Thursday, November 21, 2013

Christianity: The New Reality TV Moneymaker

If you do not know by now, reality TV has taken over.  For the last decade, regular people have become stars from doing regular stuff.  From housewives, to bakeries, to weight loss competitions, to dancing, to singing, to bad girls: these things plus more have found its way into a reality television program.  But the American audiences are not the only ones that love these programs; cable networks do too.  As they should. These programs are crazy cheap to make compared to scripted shows and they don't have to worry about dealing with celebrities with huge egos that want a million dollars per episode.  Even with the popularity of reality TV, you would think that some subjects would be too sacred to touch.  But as my mom use to say, "If you think this world can't get any worse, just wait a few minutes." 

[Disclaimer: I am not trying to convert anyone to Christianity.  This is just strictly my opinion of the shows mentioned.] 


In the last month, the cable channel, Oxygen, has premiered Preachers of L.A. and now Bravo has launched Thicker than Water.  Before that, TLC had Preacher Wives.  All of these shows showcase pastors, bishops, reverends, first ladies, or whatever they want to be called living lives as lavish as rappers and ball players.  You see them in the big fancy homes (or mansions to be more specific) and luxury cars.  They can all be seen with flashy jewelry draping their wrists and necks.   If I was just flipping through the channels I would think I had stumbled upon a repeat episode of MTV Cribs.  Surprisingly (or maybe not), they have no shame in showing others how God has "bless" them.

I don't even know where to start.  Like I'm dead serious; the blasphemy in these shows gave me writer's block for a second.  All that keeps coming to mind is that working class members of mega church congregations have funded these "men of God" with multiple homes and thousand dollars suits.  These so-called shepherds make millions off book deals, movies, and music using God's word.  Some of them boldly preach: someone has to have this stuff, why not me?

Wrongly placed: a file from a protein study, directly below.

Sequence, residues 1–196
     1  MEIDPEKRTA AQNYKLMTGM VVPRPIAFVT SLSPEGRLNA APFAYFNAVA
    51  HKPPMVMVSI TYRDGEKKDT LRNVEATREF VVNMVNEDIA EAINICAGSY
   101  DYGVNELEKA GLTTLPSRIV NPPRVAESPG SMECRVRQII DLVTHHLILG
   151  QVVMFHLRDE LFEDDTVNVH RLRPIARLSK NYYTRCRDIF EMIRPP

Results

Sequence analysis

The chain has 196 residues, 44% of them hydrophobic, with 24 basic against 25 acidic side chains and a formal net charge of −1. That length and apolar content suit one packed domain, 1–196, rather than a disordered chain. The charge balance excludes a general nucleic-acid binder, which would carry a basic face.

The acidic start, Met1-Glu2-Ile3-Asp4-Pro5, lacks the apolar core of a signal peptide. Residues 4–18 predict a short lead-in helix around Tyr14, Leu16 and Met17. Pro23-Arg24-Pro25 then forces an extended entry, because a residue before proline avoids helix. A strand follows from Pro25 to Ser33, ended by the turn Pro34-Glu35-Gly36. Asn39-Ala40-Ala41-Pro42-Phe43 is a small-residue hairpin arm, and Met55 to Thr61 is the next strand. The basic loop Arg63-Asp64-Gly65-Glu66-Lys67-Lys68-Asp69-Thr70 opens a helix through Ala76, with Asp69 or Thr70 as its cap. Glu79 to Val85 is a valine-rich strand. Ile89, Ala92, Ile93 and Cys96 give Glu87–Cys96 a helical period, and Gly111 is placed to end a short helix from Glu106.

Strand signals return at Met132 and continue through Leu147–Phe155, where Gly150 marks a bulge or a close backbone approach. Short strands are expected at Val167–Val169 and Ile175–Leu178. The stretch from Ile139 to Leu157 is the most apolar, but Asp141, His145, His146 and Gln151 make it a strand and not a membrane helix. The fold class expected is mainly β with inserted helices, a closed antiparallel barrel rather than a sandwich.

For centuries, religion has been seen as sacred.  Even when you are in a place of worship you conduct yourself a different way because of it's sanctity.  Now religion is being shown on TV as casually as pageant girls.  It is now considered weekly entertainment.  Some might say that those who are not a part of organized religion are getting exposed to Christianity.  But can you honestly say that Preachers of L.A. and Thicker than Water are bringing people to the good news?  People who are already skeptical of religion are not going to watch these men in Armani suits and  run to their local place of worship.  These shows do the exact opposite. 

What about the excuse that God wants them to have these things?  Well, preacher man let me introduce you to a king.  King Solomon to be exact.  The thing about King Solomon was that he was the richest king of his time.  In in his words:
"I accumulated silver and gold for myself, the treasures of kings and of provinces.  I gathered male and female singers for myself, as well as what brings great pleasure to the sons of men-- a woman, yes, many women.  So I grew great and surpassed anyone prior to me in Jerusalem..... But when I reflected on all the works that my own hands had done and on all the hard work that I had toiled to accomplish, I saw that everything was futile, a chasing after the wind."  --Ecclesisastes 2:8,9,11 New World Translation, 2013
Now what moves me the most is the last part of verse 11: a chasing after the wind.  King Solomon compared all his riches to chasing after the wind.  Some people might see material things as a reward of hard work but Solomon refer to these material things as futile.  Yes, futile also known as useless, unimportant, or frivolous.  God could have inspired (2 Timothy 3:16) anybody to write this in the Bible but He chose to have the richest king record this verse. 

Now rather you believe in God or not this is such a beautiful scripture.  You see, Jehovah God knew we would not all be able to acquire riches.  He also knew we would be surrounded by people with many things and because of our imperfections we could easily become envious of those who do have many things.  Jehovah wanted us all to know that riches were not important and does not define our lives.  However, how we live our lives is what define us. 

You will not get a weekly recap of the previously mention shows because I can't stand to watch more than five minutes.  These shows will not be getting anybody to wake up early on Sunday and visit a place of worship.  The men who choose to partake in these shows need to  take a look at their instruction manual (the Bible) and see what it has to say about their lifestyles (Matthew 6:24). 

What are your thoughts on Preacher of L.A. or Thicker Than Water?

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